A few month hiatus from this blog turned into five and a half years, but that is a much longer story. This one is about the state of desktop spherical displays in 2018. In 2011, I hacked together the Snow Globe spherical display from a laser pico-projector, an off the shelf fish-eye lens, a bathroom light fixture, and some shader code. I had hoped to make it easy for folks to build their own version by publishing everything, but the lens ended up being unobtanium. Judging by the comments on the post, nobody was able to properly replicate the build.
A few months ago Palmer Luckey gave me heads up that a company called Gakken in Japan had a consumer version of the idea and that like everything in the world, there were sellers on eBay and Amazon importing it into the US. The Gakken Worldeye sounded like it could fulfill the dream of a desktop spherical display, so I bought one to use and another to tear down. It ended up being a hemispherical display with a pretty decent projection surface but a terrible projector and even worse driving electronics. The guts of the sphere are above. There is a VGA resolution TI DLP that is cropped by the lens to a 480 pixel circle. The Worldeye takes 720p input over HDMI, which is then downsampled and squashed horizontally to that circle by an MStar video bridge. Between the poor projector resolution and the questionable resampling, the results look extremely blurry.
I figured it would be possible to improve on the sphere by taking advantage of the display surface and lens and swapping out the projector and electronics. In the time since the ShowWX used in the Snow Globe was released, Microvision has developed higher resolution laser scanning projector modules in conjunction with Sony and others. I picked up a Sony MP-CL1 with one of these modules, which is natively 1280×720. This should have been a decent improvement over the 848×480 in the ShowWX. I then CAD’d up and 3d printed a holder to mount it along with the original Worldeye lens into the globe.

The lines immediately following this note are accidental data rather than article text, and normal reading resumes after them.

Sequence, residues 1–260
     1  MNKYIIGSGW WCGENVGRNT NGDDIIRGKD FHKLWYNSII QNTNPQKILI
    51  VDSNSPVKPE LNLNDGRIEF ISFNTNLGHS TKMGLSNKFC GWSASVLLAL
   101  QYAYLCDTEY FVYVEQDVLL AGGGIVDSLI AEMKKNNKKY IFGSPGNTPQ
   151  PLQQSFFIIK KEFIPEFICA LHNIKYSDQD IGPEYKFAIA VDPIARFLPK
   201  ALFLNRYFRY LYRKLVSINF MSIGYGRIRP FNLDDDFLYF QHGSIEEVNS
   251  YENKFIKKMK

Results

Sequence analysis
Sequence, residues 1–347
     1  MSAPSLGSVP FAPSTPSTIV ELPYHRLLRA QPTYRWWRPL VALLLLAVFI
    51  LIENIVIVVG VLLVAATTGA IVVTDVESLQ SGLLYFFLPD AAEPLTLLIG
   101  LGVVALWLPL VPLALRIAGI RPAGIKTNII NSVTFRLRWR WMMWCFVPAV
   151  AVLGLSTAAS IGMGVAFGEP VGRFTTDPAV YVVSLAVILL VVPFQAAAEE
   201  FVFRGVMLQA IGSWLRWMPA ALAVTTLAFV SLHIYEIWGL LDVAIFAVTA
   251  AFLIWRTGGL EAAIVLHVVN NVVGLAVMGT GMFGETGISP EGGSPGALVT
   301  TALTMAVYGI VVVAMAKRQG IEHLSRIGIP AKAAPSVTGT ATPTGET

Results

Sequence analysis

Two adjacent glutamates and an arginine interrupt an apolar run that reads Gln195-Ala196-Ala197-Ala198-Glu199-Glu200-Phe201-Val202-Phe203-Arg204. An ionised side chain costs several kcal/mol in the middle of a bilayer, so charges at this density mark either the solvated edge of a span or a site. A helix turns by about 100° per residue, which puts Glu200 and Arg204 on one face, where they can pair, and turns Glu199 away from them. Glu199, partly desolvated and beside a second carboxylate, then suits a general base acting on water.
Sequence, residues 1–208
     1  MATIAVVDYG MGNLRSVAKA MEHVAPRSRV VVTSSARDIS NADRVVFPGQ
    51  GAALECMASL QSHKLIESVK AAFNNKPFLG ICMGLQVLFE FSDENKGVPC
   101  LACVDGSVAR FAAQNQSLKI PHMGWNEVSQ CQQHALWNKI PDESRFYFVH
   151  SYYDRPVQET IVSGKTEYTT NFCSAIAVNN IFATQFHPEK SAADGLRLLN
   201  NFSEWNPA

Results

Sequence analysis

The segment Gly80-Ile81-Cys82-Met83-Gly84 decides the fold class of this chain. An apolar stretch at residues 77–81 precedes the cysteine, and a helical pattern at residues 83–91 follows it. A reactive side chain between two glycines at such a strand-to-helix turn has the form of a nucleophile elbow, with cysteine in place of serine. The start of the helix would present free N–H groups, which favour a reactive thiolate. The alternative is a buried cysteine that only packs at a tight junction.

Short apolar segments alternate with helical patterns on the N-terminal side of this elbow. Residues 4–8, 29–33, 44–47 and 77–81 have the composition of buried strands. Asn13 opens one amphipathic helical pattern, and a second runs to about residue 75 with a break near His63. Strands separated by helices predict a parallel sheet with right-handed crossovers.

The results are a bit underwhelming. The image looks better than the stock Worldeye, but still looks quite blurry. I realized afterwards that the sphere diameter is too small to take advantage of the projector resolution. At around a 5″ radius, the surface of the sphere is getting around 1.8 pixels per mm (assuming uniform distortion). The laser beam coming out of the projector is well over 1 mm wide, and probably closer to 1.5mm. This means that neighboring pixels are blending heavily into each other. The lens MTF is probably also pretty poor, which doesn’t help the sharpness issue. If you’re interested in trying this out anyway, the .scad and .stl files are up on Thingiverse and the code for the Science on a Snow Globe application to display equirectangular images and videos is on GitHub. The conclusion to the opening prompt is that spherical displays are more accessible in 2018 than they were in 2011, but don’t seem to be any better quality. Hopefully someone takes the initiative to solve this.